This blog and all photos were provided by:
Steve Ressel|Professor at College of the Atlantic
This past August, I had the good fortune to visit Piro Biological Station for a few days. Piro was one stop on a seven-day scouting trip with another colleague where we explored different areas in the Osa for a future tropical ecology course. My days at Piro BioStation were few in number and mostly filled with logistical considerations associated with bringing students down to the Osa. However, I still left overwhelmed by the amount of biodiversity I saw during my brief, busy stay. I did have one thing in my favor, it was the rainy season and amphibians are my thing; the frogs did not disappoint.
My last day and night at the field station stands out in particular, because of the torrential rain the night before made all of the surrounding forest dripping wet for the next 24 hours . As the rain poured down, Manuel started thinking that it may be enough to prompt another round of explosive breeding in Agalynchis spurrelli (The Gliding Tree Frog) and he suggested that we head out early in the morning to see if that indeed was the case. It wasn’t, but I was blown away by the number of egg masses clinging to vegetation from previous mating bouts. Upon close inspection, I saw that many of the eggs contained well developed, squirming tadpoles.
I am an avid photographer of nature and in the aftermath of the previous night’s storm, I was mesmerized all day long by the intense colors of the forest, which were hyper-saturated by the diffuse sunlight created by lingering cloud cover and a film of water on everything terrestrial. Please take me on my word that the color of these tree buttresses (Tachigali versicolor) and that of this male anole’s dewlap (Norops polylepis) were not enhanced with software.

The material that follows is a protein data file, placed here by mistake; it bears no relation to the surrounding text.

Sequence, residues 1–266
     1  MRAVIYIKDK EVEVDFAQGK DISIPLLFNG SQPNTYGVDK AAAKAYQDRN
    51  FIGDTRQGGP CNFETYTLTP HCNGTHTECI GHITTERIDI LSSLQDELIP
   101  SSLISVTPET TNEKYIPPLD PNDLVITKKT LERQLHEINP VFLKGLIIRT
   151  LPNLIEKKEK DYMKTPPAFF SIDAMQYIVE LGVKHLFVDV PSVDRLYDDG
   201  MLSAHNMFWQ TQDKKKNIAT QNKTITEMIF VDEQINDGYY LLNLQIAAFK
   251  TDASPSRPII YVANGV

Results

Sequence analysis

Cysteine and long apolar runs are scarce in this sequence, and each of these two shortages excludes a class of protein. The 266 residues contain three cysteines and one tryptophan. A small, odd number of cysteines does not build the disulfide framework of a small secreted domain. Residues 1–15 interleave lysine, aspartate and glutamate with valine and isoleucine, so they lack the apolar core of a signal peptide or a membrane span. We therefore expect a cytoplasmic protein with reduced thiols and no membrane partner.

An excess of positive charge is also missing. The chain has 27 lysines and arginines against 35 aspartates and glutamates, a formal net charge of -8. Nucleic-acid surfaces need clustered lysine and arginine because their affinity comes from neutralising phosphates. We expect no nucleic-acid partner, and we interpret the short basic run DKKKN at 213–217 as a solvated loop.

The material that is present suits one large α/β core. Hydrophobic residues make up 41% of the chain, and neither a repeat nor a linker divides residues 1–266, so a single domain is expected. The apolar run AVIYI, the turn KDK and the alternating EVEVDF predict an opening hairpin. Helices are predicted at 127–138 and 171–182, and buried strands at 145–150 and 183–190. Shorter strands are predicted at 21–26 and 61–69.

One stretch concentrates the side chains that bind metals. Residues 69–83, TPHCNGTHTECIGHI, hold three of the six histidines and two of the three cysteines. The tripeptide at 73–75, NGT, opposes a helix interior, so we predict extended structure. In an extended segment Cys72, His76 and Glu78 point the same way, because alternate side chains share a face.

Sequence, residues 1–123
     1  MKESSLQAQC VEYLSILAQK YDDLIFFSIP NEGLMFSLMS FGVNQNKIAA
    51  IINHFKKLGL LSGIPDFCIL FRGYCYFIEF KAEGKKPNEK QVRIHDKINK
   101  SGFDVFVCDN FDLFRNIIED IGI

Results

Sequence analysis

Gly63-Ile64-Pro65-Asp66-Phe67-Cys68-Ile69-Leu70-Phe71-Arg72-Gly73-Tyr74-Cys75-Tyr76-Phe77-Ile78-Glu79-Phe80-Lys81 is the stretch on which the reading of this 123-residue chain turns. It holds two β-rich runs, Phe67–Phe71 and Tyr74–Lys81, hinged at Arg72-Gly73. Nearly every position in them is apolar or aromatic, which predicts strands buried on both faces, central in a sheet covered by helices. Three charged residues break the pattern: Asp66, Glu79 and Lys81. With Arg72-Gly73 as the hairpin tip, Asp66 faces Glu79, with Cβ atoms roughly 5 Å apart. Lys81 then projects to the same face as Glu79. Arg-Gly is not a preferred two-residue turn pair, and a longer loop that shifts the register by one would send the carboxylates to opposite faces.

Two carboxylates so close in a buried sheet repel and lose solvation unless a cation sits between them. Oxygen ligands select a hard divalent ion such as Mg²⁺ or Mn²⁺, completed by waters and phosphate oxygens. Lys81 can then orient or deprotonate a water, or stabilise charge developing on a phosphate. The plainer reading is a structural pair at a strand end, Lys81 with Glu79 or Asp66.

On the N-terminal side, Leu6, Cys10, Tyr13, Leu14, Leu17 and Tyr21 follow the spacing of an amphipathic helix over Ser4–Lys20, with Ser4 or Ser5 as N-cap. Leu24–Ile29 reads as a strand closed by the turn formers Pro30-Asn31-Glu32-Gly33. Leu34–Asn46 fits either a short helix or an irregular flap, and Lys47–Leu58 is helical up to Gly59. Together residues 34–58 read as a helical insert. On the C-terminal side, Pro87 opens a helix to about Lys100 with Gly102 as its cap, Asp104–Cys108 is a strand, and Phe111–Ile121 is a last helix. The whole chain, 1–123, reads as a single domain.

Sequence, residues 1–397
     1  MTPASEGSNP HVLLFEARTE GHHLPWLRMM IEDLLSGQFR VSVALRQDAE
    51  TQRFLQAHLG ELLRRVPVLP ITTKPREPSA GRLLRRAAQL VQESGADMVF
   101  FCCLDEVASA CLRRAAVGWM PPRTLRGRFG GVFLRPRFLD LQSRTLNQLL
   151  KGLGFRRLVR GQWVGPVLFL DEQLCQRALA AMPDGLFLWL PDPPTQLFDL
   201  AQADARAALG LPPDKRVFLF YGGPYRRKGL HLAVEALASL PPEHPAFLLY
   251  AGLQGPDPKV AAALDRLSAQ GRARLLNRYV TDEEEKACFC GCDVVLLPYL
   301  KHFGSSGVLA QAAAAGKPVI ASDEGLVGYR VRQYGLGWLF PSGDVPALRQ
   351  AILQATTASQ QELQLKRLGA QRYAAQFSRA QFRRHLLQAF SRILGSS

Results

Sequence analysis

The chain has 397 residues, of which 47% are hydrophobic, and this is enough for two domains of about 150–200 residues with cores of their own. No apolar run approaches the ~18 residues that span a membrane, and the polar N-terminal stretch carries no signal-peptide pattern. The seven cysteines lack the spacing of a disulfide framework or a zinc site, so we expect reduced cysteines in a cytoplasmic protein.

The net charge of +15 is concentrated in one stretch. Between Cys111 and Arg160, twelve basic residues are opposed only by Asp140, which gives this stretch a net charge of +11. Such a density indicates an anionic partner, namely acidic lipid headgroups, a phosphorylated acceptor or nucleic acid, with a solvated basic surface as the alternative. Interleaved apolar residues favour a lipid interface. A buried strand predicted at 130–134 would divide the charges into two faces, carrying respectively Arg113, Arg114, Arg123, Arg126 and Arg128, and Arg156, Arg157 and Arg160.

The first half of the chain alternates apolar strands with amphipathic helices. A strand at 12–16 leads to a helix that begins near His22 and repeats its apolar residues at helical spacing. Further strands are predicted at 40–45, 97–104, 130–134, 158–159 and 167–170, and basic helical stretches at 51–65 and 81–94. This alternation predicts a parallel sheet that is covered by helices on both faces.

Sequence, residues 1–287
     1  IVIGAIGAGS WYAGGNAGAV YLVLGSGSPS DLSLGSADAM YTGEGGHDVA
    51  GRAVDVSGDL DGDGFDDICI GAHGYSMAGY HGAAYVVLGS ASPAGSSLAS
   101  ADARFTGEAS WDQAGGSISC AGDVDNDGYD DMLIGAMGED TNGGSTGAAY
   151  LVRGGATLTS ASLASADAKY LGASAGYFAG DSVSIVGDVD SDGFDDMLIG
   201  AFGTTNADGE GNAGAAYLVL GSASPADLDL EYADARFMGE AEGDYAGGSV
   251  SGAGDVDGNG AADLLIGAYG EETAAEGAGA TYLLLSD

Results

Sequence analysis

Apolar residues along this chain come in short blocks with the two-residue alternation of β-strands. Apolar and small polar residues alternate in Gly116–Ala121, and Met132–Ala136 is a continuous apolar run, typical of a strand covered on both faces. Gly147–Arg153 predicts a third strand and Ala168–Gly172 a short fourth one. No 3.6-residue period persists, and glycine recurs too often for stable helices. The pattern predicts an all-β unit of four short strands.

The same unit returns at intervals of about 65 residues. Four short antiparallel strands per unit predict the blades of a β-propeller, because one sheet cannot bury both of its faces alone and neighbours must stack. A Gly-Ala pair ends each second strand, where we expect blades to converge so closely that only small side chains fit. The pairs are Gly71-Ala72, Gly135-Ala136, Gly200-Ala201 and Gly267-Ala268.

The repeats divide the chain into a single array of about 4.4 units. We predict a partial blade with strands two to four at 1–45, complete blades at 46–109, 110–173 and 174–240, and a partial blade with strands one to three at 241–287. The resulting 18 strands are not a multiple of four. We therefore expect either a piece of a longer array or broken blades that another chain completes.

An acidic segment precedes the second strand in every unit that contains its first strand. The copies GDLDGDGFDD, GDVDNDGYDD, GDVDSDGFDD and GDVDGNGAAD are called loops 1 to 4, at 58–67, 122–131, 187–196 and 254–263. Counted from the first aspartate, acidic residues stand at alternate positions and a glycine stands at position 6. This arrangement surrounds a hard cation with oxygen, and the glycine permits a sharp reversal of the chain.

Back at the dining area at dinnertime, I heard frogs calling at an intensity level that wasn’t evident on the previous nights of my visit. I couldn’t pass up the opportunity to explore with my ears and eyes. So, with some suggested field sites from Manuel and Renee, I set out into the night with my camera and headlamp. The first stop was along the banks of Piro River to look for glass frogs. I heard them calling in the overhead foliage but the persistent wet conditions did not stimulate them to descend within reach of my camera’s lens. However, I could see that there were numerous egg masses of Cochranella granulosa (Grainy Cochran Frog) that were deposited some time before my arrival. Like The Gliding Tree Frog eggs I saw during the day, many of these masses, like the one pictured below, were “ripe” with very active tadpoles.
I was then drawn to standing water, by the call of a frog that I was hearing for the first time during my visit. After a little searching, I discovered it was Scinax elaeochroa (Sipurio Snouted Tree Frog) that I was hearing and now seeing for the first time ever.
There was another species calling alongside S. elaeochroa and I knew it well. It was Dendropsophus ebraccata (The Hourglass Treefrog), that I studied in Panama while in graduate school, and their abundance that night was staggering. My mind flashed back to 1992 when I spent many wet, warm nights studying the biology of this frog because of its impressive capacity for calling. Fast-forward to the present, I was now focusing on the multitude of D. ebraccata around me because they are just so damn photogenic.
I went to bed that night – or rather, early the next morning – reluctantly because, for the frogs, the night was still young. My hope is that in the near future, I can share these amphibian experiences with students. Although, I must confess that as I drifted off to sleep, I relished the fact that I had the frogs to myself that night.